While high dollar insider trading cases are common news, this case involves profits of a mere $11,776. The financial penalties were similarly small and McGrath settled the case with a disgorgement of $11,776, interest of $1,492 and a penalty of $11,776, in addition to a prohibition on trading in any client security. Those with access to insider information should see this case as a reminder that no instance of insider trading will be ignored by the SEC.
The Securities and Exchange Commission (“SEC”), on March 31, 2014, announced insider trading charges against two men who allegedly traded on information they overheard from their respective wives. On April 3, 2014, the SEC announced charges against two friends who traded tips related to an impending acquisition deal. The spouse cases and friend cases differ with respect to the culpability of the tipper. In the friend cases, the tipper and the tippees were all aware that they were breaching their duties to maintain the information and not trade on it. In the spouse cases, the wives were unaware of their husbands’ intentions and actions and had previously informed their husbands of the prohibition on trading on any information gleaned from them.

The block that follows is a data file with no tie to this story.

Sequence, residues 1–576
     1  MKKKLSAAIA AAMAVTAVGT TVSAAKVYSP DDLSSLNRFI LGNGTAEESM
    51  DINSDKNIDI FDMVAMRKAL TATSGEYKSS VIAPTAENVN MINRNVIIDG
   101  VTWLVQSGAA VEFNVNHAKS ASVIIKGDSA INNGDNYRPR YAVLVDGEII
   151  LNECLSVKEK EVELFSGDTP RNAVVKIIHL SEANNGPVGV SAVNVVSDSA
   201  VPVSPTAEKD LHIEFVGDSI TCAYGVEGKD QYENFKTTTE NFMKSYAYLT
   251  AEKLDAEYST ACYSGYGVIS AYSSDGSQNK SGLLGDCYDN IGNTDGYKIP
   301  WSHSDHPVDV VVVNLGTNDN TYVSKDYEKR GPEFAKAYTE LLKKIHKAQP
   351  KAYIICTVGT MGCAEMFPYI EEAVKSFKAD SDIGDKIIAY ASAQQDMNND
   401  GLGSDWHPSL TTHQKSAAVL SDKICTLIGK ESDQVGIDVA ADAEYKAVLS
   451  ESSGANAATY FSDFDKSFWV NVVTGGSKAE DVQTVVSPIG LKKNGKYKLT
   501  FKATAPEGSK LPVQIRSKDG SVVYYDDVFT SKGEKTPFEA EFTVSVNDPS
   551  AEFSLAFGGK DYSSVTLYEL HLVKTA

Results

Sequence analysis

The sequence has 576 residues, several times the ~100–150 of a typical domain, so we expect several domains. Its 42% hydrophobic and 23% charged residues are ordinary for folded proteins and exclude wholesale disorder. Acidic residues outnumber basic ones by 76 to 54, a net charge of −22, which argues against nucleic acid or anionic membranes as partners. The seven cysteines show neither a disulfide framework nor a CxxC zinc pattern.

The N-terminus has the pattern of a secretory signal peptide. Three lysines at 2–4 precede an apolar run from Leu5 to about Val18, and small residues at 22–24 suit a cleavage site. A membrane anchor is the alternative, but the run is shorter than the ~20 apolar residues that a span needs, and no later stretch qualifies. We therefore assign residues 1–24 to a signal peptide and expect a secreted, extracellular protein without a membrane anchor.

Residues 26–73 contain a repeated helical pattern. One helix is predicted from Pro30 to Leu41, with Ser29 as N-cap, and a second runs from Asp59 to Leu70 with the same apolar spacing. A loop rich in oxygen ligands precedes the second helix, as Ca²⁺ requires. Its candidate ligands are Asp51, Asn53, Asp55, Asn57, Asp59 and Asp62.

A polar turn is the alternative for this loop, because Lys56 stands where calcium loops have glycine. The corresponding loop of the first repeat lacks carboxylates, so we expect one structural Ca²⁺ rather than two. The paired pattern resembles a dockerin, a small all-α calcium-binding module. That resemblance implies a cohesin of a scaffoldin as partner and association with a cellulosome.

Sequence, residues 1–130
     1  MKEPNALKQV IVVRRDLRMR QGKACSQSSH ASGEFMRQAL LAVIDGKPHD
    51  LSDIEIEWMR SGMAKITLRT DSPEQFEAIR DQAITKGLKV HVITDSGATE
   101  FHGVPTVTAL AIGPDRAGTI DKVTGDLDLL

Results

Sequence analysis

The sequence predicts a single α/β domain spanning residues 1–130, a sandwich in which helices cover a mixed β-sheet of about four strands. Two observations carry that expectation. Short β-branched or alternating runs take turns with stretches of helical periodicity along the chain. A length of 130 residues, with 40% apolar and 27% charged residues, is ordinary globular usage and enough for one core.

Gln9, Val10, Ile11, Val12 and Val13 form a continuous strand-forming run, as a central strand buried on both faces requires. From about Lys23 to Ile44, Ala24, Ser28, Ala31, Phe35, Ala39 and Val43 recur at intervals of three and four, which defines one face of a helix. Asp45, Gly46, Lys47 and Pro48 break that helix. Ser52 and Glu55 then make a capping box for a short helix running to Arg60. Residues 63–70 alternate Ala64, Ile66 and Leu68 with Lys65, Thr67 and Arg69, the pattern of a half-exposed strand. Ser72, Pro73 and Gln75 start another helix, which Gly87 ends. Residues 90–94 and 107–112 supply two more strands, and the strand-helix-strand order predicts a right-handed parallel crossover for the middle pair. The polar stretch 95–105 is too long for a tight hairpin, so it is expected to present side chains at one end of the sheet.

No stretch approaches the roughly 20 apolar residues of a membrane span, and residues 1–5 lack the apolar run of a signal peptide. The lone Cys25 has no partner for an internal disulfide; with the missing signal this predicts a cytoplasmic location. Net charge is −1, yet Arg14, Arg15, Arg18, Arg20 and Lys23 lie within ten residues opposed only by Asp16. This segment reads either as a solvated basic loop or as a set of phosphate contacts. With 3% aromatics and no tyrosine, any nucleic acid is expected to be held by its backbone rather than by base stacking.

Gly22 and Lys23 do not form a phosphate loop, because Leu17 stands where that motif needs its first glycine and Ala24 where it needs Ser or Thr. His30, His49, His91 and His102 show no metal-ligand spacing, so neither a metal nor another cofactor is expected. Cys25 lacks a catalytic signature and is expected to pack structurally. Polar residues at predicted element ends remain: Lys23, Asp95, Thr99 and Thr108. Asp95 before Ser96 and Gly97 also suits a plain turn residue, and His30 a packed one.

The SEC has charged three friends who worked together to trade on nonpublic information related to the acquisition of The Shaw Group by Chicago Bridge & Iron Company. John W. Femenia was employed by a major investment bank from which he obtained the information about the impending acquisition. Femenia told his friend Walter D. Wagner the nonpublic information and Wagner passed that information along to Alexander J. Osborn. Osborn and Wagner proceeded to invest substantially all of their liquid assets based on the information from Femenia. When the public announcement was made, Wagner and Osborn profited approximately $1 million collectively.
Femenia was charged in December 2012 for knowingly being the source of nonpublic information to a whole insider trading ring.
Wagner settled with the SEC by disgorging all illicit profits and a parallel criminal action against him was announced on April 3rd. The SEC case against Osborn is ongoing.